Vacation, all I ever wanted …
Vacation, had to get away …

                         “Vacation” by The Go-Go’s

Do you know that you can apply for a passport at the Buena Park Library?  If you need information about the application process, see our webpage for more information.  Have you applied for a passport at the Buena Park Library?  Then let us know where in the world your passport has taken you … share your travel photo with us!  Send your “family friendly” picture to the Library at:

Let us know where you have been (and if we can tag you).  We will post your picture to our Facebook page.

And even if you don’t travel to a distant and exotic location … your library card can take you there through the books, DVDs, compacts discs, and audiobooks that you can check out. So take a picture of yourself and your library card and send it to us!  We know where your Library card can take you … but we would love to know where you have taken your card!

Friday, May 18, 2012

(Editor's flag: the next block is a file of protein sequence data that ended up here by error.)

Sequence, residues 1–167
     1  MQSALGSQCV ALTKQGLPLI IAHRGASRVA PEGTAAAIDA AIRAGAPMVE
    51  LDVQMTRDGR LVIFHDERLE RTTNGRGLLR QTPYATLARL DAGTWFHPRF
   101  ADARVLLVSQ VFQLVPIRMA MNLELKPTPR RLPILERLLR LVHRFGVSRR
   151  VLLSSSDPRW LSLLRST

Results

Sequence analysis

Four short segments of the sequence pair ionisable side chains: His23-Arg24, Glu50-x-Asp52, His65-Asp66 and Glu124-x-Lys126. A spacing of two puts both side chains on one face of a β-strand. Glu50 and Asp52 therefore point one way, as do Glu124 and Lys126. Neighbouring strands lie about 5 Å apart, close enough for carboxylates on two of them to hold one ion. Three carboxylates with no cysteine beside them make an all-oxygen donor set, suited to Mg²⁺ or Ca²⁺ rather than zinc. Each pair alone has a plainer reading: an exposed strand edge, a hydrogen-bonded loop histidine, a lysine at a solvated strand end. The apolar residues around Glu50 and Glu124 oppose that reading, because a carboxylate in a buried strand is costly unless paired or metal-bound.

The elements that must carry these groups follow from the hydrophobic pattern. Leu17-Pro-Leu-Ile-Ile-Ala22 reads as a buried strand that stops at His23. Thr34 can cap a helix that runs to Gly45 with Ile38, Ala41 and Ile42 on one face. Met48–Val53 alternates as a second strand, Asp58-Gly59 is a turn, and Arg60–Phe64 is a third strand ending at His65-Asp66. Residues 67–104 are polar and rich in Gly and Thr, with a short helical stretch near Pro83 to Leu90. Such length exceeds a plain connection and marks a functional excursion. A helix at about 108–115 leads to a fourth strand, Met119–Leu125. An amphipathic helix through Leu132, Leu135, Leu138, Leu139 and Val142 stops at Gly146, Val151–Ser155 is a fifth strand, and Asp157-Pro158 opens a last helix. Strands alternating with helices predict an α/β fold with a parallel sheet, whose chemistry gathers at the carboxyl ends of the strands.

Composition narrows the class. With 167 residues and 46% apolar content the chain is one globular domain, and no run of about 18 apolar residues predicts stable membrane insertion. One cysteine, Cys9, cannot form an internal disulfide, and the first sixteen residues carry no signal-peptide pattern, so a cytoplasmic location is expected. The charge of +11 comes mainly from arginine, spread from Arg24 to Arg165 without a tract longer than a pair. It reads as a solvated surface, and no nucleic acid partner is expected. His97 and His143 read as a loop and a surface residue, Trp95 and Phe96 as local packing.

Book vs. Movie Review: The Hunger Games

The Book: 2008
I jumped on the Hunger Games Bandwagon shortly after the final book was published.  At first I was resistant to the hype because I've been burned before (I'm looking at you, Twilight) but I thoroughly enjoyed this book.  I love science fiction, and this book is science fiction that manages to be highly accessible -  no spaceships or aliens, simply a fascinating dark vision of a future American society, adventure, action, and characters that immediately draw you in.

This story reminded me of other literature that I have loved and that's definitely not a bad thing.  There's a little bit of Shirley Jackson's short story The Lottery, and definitely some Lord of the Flies.  There are many parallels with Battle Royale of course, and all with a modern twist that seems the logical development of our culture's obsession with reality TV.